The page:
To meet this aim, I designed six new composition projects, each of which asked students to use what they learned in class to accomplish diverse tasks that they might encounter in their lives. These projects—three per semester—were added to the already existing structure of assignments, quizzes, and exams. Students worked together on week-long collaborations and performed their pieces at the end of the week.


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IMPLEMENTATION

Timeline

I developed these new composition projects as part of the 2016 Best Practices Institute hosted by the KU Center for Teaching Excellence. They were ready and implemented shortly afterward in the 2016–17 year. Here are brief descriptions of the projects, as well as where they fall within the two-semester sequence:

MTHC 105 (Theory 1): Fall 2016

  • Week 6: Arrange a pop song for classical instruments
  • Week 12: Compose and perform a pop song
  • Week 16: Compose backing vocals for a pop song and perform them along with the original recording

MTHC 115 (Theory 2): Spring 2017

  • Week 6: Compose a film score and perform it along with the film
  • Week 12: Compose and perform a pop song
  • Week 16: Compose backing vocals for a pop song and perform them along with the original recording

While there is some duplication in the six projects—students are asked to compose pop songs and backing vocals in both Theory 1 and Theory 2—the specific requirements are updated in the second semester to reflect new skills the students have learned. Specifically, the students have a greater understanding of chromatic harmony (chords outside of the home key) in the second semester and must apply these new tools in the second semester version of the project.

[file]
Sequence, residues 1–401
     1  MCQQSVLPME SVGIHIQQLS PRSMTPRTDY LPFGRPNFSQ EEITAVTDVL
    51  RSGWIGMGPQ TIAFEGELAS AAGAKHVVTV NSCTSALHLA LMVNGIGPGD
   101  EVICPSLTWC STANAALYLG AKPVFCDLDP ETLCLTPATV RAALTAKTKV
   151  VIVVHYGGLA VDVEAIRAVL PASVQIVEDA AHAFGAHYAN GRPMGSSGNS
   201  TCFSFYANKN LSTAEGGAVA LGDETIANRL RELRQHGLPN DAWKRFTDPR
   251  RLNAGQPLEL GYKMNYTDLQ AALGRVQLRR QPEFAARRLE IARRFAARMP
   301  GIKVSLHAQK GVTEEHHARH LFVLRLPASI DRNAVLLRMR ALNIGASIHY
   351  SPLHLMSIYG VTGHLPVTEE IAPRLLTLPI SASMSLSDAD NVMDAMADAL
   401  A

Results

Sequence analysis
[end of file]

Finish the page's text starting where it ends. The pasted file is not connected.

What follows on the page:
Complete project descriptions, including rubrics for each, can be viewed here.

  1. Week 7: Arranging Project Guidelines and Rubric
  2. Week 7: Film Score and Performance Guidelines and Rubric
  3. Week 12: Standard Progression Project Guidelines and Rubric
  4. Week 13: Popular Music Composition and Performance Guidelines and Rubric

Revisions

I was so happy with the results of the 2016 projects that I changed virtually nothing in the second year. However, in Fall 2017 I noticed a big difference in the most successful pop song compositions. In the project description, I specify that each group must use a rhythm layer. I leave it up to them whether this is a real live drum set player, a programmed drum machine, or smaller percussion instruments. Most pop songs we hear on the radio use either a real drum set or a drum machine. The students who did this ended up with pop songs that actually sound commercially viable. The students who took the easier way out, only bringing in a tambourine or shaker, produced songs that did not sound commercially viable. Starting in Spring 2018, I began to require that students use either a drum set or drum machine. In order to require this, I had to spend some class time teaching students how to program Apple’s Garageband software, which can produce studio-quality drum sounds.

My original title for the Backing Vocals project was the Applied Chord Singalong. The word singalong in the title, and in the description, caused some unexpected problems in student understanding. Many students thought that they were supposed to sing along with the lead vocals in the pop song, rather than sing the backing vocals they composed. In Fall 2017, I changed the title of the project, and this has led to students understanding both the goals of the project and its real-world significance.

Snapshots of the process

Because I want students to be able to work together in their groups of four to five without the cacophony of music that comes from five such groups playing music together in the same room, I let the students meet wherever they’d like on the Monday–Thursday of project week. This also facilitates the students meeting wherever their large, non-moveable instruments (such as pianos, drum sets) may be housed.